"Baillie reminds us of the power of novels to renew the world."
"Baillie delivers a work of magical realism that captures the experience of postcolonial guilt...and gives voice to a silenced past."
Starred and boxed Publishers Weekly
"Baillie is an excellent storyteller, combining adventure with deeper elements and the characters’ search for self. Highly recommended."
Oprah lists The Search for Heinrich Schlögel as one of the 13 books to pick up this September:
"Bewitching riddle of a novel."
O, the Oprah Magazine
“Martha Baillie has written a timeless masterpiece. Every page is full of haunting wonderment. Truly, I know of no novel quite like itit’s a blessing. The Search for Heinrich Schlögel has dreamlike locutions, it tells the most unusual tale, and it brings the margins of the world to us with photographic immediacy. I was completely transported.”
Howard Norman, author of Next Life Might Be Kinder
"How is it possible to find a person who doesn’t know he's missing? How can we be entangled in the world, in history, and live a moral life? Heinrich Schlögel doesn't give up his secrets easily, but as time collapses and opens, an extraordinary person, and an astonishing reading experience, come into existence. Martha Baillie’s new novel is entirely original, remembered yet created, truthful yet fictional, old, alive and visionary."
--Madeleine Thien, author of Dogs at the Perimeter
"The Search for Heinrich Schlögel is utterly distinctive, a fictional biography that drifts so imperceptibly into dream that it's impossible to tell where the reality of it ends and the fantasy begins. There's something of Nabokov here, and also something of Rip Van Winkle. Baillie has written an ode to those things that resist time, like a photograph, and those things that relinquish themselves to it, like a painting, resulting in a novel that is itself a little bit of both."
Kevin Brockmeier, author of The Illumination
“Capacious, capricious, mischievous, The Search for Heinrich Schlögel moves like a quantum experiment, defying boundaries of time, place, chronology. Fluid as light itself, animated by startling imagery, vivid and peculiar characters, The Search for Heinrich Schlögel is a hymn to brooding memory, the enduring need to inhabit story, and a haunting insistence upon endless possibilities within possibility. That is to say, hope.”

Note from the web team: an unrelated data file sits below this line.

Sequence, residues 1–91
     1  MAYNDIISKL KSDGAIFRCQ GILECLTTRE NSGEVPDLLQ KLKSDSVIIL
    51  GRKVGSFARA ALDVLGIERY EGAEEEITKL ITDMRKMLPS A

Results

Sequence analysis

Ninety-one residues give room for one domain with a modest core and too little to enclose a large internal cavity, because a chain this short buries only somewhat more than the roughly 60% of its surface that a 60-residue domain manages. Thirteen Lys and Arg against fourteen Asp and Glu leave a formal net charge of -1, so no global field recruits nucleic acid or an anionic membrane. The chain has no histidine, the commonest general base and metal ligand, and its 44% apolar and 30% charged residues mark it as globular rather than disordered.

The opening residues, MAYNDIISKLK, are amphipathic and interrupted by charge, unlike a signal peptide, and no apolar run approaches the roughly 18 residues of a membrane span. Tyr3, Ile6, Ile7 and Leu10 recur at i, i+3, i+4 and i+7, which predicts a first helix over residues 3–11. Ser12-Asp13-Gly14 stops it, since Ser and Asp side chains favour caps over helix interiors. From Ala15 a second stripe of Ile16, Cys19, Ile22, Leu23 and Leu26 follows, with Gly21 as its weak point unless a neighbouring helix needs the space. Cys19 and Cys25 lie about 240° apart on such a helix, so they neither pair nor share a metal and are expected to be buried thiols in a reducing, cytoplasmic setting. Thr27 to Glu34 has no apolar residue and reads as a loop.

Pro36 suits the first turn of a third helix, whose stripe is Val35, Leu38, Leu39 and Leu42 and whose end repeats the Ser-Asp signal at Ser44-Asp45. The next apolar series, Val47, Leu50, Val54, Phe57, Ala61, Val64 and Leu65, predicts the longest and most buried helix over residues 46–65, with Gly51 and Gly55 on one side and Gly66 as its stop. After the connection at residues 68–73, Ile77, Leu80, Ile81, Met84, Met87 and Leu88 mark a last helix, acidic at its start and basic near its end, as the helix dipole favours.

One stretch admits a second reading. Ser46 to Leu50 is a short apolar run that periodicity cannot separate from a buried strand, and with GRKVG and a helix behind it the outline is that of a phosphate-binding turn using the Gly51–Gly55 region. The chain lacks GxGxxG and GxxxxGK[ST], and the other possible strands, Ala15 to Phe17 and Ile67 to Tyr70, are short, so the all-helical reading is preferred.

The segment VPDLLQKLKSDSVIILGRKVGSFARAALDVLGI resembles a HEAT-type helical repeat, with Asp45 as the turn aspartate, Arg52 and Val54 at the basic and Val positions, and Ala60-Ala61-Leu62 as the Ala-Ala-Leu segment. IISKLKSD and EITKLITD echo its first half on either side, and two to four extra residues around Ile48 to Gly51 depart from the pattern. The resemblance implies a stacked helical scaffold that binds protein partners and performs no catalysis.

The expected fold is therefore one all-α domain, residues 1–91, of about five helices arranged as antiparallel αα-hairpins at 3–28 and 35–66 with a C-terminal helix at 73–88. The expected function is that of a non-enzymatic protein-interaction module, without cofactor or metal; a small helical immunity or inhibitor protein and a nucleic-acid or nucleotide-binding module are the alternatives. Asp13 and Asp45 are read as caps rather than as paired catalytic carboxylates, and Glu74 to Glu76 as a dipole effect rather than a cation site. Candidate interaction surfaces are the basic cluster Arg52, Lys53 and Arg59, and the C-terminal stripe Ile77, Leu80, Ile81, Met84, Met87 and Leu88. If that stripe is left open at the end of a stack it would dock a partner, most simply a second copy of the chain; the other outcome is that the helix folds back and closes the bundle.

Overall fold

Gina Ochsner, author of The Russian Dreambook of Color and Flight
"Martha Baillie’s extraordinary The Search for Heinrich Schlögel is not quite like any other book I’ve read. It invites us on a hallucinatory journey to the Arctic and through time. It asks us to live with mystery and wonder, which is what a work of art does. If it reminds me of anything, it is the fabulous, shape-shifting novels of the Icelandic writer Sjón."
Catherine Bush, author of The Rules of Engagement and Accusation
Praise for The Incident Report (longlisted for the 2009 Giller Prize and one of the Globe and Mail’s Best Books of 2009)
“Baillie’s novel contains real tenderness, rendered in beautiful prose with compelling restraint.”
Quill and Quire
“Baillie is a naturally figurative writer and, through precise and concrete imagery, captures, paradoxically, what is simply too much for measured words.”
Globe and Mail
Praise for The Shape I Gave You
“Baillie’s style is articulate, elegantly nuanced and replete with allusions to artists and thinkers . . . The counterpoint of pleasure and pain is moulded by memoryand Baillie does an excellent job of showing how memory creates the past and the present. The Shape I Gave You is exquisitely genuine . . . Baillie’s examination of emotion is unfaltering in its deep compassion.”
Globe and Mail
“[An] old-fashioned quality . . . gives Baillie’s work its charm and elegance. Her stories have weight and value history. . . . Baillie’s made a strong statement on the pain of grief and the unexpected way in which compassion can be sown. She’s also shown that with each new novel her voice becomes stronger.”
An emotionally distant expat travels into the wilds of Canada, where he disappears into a rift in time. This Canadian slice of magical realism by Baillie (The Incident Report, 2009, etc.) is largely about the search for meaning among the vestigial fragments of an unremarkable life. The story is told by an unnamed narrator who's meticulously reconstructing the travels of one Heinrich Schlögel, a young German wanderer whose only affections are for his polyglot sister, Inge. We first meet Heinrich in his youth, bicycling through Germany and indulging his fascination with animals. When Inge gives him the diaries of Samuel Hearne, a real-life British explorer who navigated across Northern Canada to the Arctic Ocean, Heinrich becomes determined to repeat the exercise. But on the advice of a new friend, he heads instead to the remote interior of Baffin Island, where his doubts threaten to overtake him. "I should have followed Hearne's route, gone to the Western Arctic," he thinks. "But Hearne's path would still not have been my own path. How am I to find a route of my own?" In a surreal twist, Schlögel sets out on his journey in 1980 and thinks he's spent only two weeks in the wilderness. Arriving back in civilization, though, he's startled to find that 30 years have passed. His mother is dead, and his father denies that he is who he says he is, so Heinrich has only his sister to help him navigate this odd mix of the old world and the new. The novel is beautifully composed and walks a fine line between Heinrich's internal debates and the narrator's possibly unreliable obsession with his fate. However, it doesn't end as much as stop, so readers looking for a satisfying sense of closure may be left wanting. A poetic journey into mystery that asks hazy questions about time, culture and one's sense of self.